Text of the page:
Author Topic: Recent Trip To Grocery Store  (Read 1615 times)

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Recent Trip To Grocery Store
« on: January 27, 2016, 04:44:10 AM »
I went to our local Kroger Food Store the day before our big snowstorm we just had. This store is a large store. I went there and picked up a few things. All you guys know when bad weather is forecasted, here in the eastern U S, there is most always a run at the grocery store. Well, I was not disappointed, as the store was full of people and food. Got my stuff, checked out, and left.

A couple days later my wife asked me to stop and get a couple items, and I found the store shelves almost empty. I first thought the store was just being cheap, and not restocking the shelves, so I found a manager, with intentions to complain.

I did and He informed me that due to the snow storm, in Louisville Ky, their warehouse could not get any supplies in, and they could not get resupplied at this store in Mid TN. So that was the reason why they had very little stock on the shelves.

It was a total shock to see how this large store could be emptied in a 2 day time period. I mean they had no milk, juice, bread, eggs, and the can food isles were practically bare. It was a scary sight and sure got my attention. Even the toilet paper isle was empty.

I have not been a "preper" before, but I recently built my wife a large walk in pantry and we now try and keep a 3 month supply of food and drinking water in it. Sure gave me a good feeling to know we had the food there.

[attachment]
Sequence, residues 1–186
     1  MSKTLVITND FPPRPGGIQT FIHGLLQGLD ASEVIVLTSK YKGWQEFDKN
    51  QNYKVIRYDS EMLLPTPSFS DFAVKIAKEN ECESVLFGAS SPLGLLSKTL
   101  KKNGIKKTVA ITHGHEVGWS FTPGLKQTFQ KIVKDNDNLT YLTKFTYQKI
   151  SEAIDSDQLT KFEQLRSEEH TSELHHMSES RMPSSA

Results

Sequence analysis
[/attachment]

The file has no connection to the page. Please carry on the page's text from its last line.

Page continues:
As a result of my experience, I have plans to add some more non perishable food and water to our pantry. Wish my wife had seen the store. May-be she would see the need for a stockpile of food and water.

It sure got my attention!

CR Williams

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Re: Recent Trip To Grocery Store
« Reply #1 on: January 27, 2016, 05:22:19 AM »
Supply centers and supply routes are the key to stock maintenance. Whenever something like that is coming, it is useful to check and see if it is going to hit the ways in and the places the food is coming from as well as your own area.
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Re: Recent Trip To Grocery Store
« Reply #2 on: January 27, 2016, 07:47:00 AM »
In this day and age of "get it in overnight" people often forget to figure Mother Nature into their plans.
Out here in western Kansas the empty shelves in the grocery store is not uncommon, especially in the small town stores, when they predict a large winter storm. You will generally see it reflected mostly in the following items; milk, eggs, bottled water and bread.
My Mother always had a small pantry that was well stocked and I have tried to keep that tradition going. The only thing that I have not found is a powdered milk substitute that I can call drinkable.


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Re: Recent Trip To Grocery Store
« Reply #3 on: January 27, 2016, 10:22:45 AM »